Previous studies addressing the relationship between blood flow (Q˙) and oxygen uptake (V˙O2) have primarily focused on the whole body (8,23,37) or on the larger vessels in the exercising limbs (19,35). This can predominantly be attributed to methodological constraints. Furthermore, it has been predicted (22) and shown (15) that the adjustment of muscular blood flow (Q˙m) in the microcirculation of active skeletal muscle might differ from that measured in the larger conduit arteries. In this context, near-infrared spectroscopy (NIRS) can provide a noninvasive alternative, allowing measurements of muscle oxygenation (or O2 extraction) at the level of the microcirculation. On the basis of the different absorption spectra of the near-infrared light at different wavelengths, NIRS can differentiate between the two major forms of hemoglobin (Hb) and myoglobin (Mb), i.e., oxy[Hb + Mb] and deoxy[Hb + Mb]. Deoxy[Hb + Mb] can be considered as a surrogate of microvascular O2 extraction (7,14), and according to the Fick principle (arteriovenous O2 difference (C(a-v)O2 = muscular oxygen uptake (V˙O2m)/blood flow (Q˙m))), it can be assumed that the pattern of deoxy[Hb + Mb] during exercise can provide insight into the relationship between the muscular blood flow (Q˙m) and oxygen uptake (V˙O2m), especially because deoxy[Hb + Mb] seems to be less affected by changes in blood volume under the NIRS probe during exercise compared with oxy[Hb + Mb] (6,9,14,26). Therefore, NIRS can provide unique, noninvasive insight into the control mechanisms governing the Q˙m/V˙O2m relationship that is an important determinant of the aerobic exercise capacity in athletes and some patients.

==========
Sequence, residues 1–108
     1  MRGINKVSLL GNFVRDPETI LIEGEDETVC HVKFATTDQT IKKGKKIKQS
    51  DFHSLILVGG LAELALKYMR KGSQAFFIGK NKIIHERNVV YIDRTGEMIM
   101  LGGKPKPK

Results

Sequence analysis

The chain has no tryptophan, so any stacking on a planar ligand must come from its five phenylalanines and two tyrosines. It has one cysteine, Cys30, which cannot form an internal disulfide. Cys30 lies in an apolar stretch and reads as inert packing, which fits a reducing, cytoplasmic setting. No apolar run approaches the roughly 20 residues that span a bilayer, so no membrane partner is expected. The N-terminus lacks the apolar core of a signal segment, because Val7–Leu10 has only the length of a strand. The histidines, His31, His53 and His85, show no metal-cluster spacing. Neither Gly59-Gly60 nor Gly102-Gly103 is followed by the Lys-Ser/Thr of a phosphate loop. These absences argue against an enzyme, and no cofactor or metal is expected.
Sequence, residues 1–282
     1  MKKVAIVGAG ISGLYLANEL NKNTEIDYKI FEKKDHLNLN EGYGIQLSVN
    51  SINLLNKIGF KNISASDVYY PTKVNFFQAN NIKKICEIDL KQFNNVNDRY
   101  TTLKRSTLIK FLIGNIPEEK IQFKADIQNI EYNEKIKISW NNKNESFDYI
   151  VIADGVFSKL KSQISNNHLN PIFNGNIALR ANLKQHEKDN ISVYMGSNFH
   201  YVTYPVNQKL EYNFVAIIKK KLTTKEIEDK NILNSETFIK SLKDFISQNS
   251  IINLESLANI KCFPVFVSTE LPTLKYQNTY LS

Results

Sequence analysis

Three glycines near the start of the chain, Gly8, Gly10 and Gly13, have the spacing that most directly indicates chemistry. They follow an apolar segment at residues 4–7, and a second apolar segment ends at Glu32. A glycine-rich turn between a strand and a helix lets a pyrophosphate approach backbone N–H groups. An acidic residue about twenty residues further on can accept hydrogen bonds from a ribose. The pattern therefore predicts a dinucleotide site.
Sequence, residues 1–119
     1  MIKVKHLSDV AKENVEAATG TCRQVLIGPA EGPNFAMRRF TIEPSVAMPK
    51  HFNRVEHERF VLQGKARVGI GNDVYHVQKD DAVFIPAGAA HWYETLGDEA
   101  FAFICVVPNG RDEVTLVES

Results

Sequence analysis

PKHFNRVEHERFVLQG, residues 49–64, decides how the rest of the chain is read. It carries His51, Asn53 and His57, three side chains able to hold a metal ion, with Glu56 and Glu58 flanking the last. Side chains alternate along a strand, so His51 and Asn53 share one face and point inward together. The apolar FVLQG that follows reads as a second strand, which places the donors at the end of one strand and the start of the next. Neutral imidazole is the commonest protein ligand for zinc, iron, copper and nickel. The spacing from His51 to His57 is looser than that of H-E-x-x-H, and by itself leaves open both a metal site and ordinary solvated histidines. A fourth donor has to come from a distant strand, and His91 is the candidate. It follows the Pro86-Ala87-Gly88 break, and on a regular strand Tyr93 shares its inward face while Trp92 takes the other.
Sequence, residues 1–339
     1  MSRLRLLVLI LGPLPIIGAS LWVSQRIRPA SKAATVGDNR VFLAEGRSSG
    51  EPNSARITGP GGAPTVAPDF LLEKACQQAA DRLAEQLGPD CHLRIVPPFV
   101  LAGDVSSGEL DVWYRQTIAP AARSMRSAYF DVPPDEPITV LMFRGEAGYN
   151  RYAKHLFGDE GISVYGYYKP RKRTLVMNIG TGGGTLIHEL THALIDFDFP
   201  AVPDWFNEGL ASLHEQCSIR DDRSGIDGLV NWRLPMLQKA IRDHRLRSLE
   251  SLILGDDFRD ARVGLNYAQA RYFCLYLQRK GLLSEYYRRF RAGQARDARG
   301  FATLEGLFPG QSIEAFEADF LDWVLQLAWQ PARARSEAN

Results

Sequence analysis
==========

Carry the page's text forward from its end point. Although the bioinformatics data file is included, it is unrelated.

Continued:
Generally, it is accepted that the steady-state relationship between blood flow and V˙O2 is linear, with a positive intercept on the blood flow axis. Consequently, C(a-v)O2 or fractional O2 extraction displays a hyperbolic profile when plotted as a function of work rate (8,10,23,35). If deoxy[Hb + Mb] reflects fractional O2 extraction, a similar hyperbolic pattern could be expected for deoxy[Hb + Mb] as a function of work rate. Recently, however, it has been demonstrated that the pattern of deoxy[Hb + Mb] during a continuous incremental exercise (ramp exercise) follows a sigmoid rather than a hyperbolic model, suggesting a dynamic nonlinear relationship between Q˙m and V˙O2m, i.e., an initial rapid increase in Q˙m at the onset of the ramp followed by a less pronounced increase in Q˙m (Fig. 1) (5,11). This less pronounced increase in Q˙m could be related to central and/or local hemodynamic factors. It is well known that as work rate increases, the cardiovascular responses are regulated by a withdrawal of parasympathetic activity and an increase in sympathetic activity, with the contribution of the sympathetic activation growing with increasing work rate. It has been reported that the increase in sympathetic activity is accompanied by a slowing of the cardiovascular responses compared with the withdrawal in parasympathetic activity (40). Therefore, it is possible that a slowing effect on the cardiovascular responses occurs during ramp exercise as work rate increases, especially on the increase in cardiac output (CO). In this context, Stringer et al. (39) reported a nonlinear increase in CO during ramp exercise, more specifically a less pronounced increase at higher work rates, which is in contrast with the widely demonstrated linear relationship between CO and V˙O2 during constant work rate transitions (36). This nonlinear increase in CO could be associated with a nonlinear Q˙m/V˙O2m relationship at the microvascular level. Local factors might also contribute to the less pronounced increase of Q˙m at higher work rates during ramp exercise. It has been reported in rat muscle that "slow-twitch" muscles are characterized by faster Q˙m kinetics relative to the V˙O2m kinetics compared with "fast-twitch" muscles (3,27). A different relationship between the Q˙m and V˙O2m kinetics inherent to muscle fiber types could induce a slowing effect on Q˙m because ramp exercise is presumably characterized by a shift from a predominantly slow-twitch to a mixed slow-twitch and fast-twitch muscle fiber recruitment. If the nonlinear Q˙m/V˙O2m relationship during ramp exercise is related to changes in Q˙m kinetics originated by central and/or local hemodynamic mechanisms, then it could be expected that this relationship will be specific to ramp exercise. The incremental ramp exercise protocol is characterized by a continuous increase in work rate and thus by non-steady-state conditions, which is in contrast to the steady-state conditions of the incremental step exercise.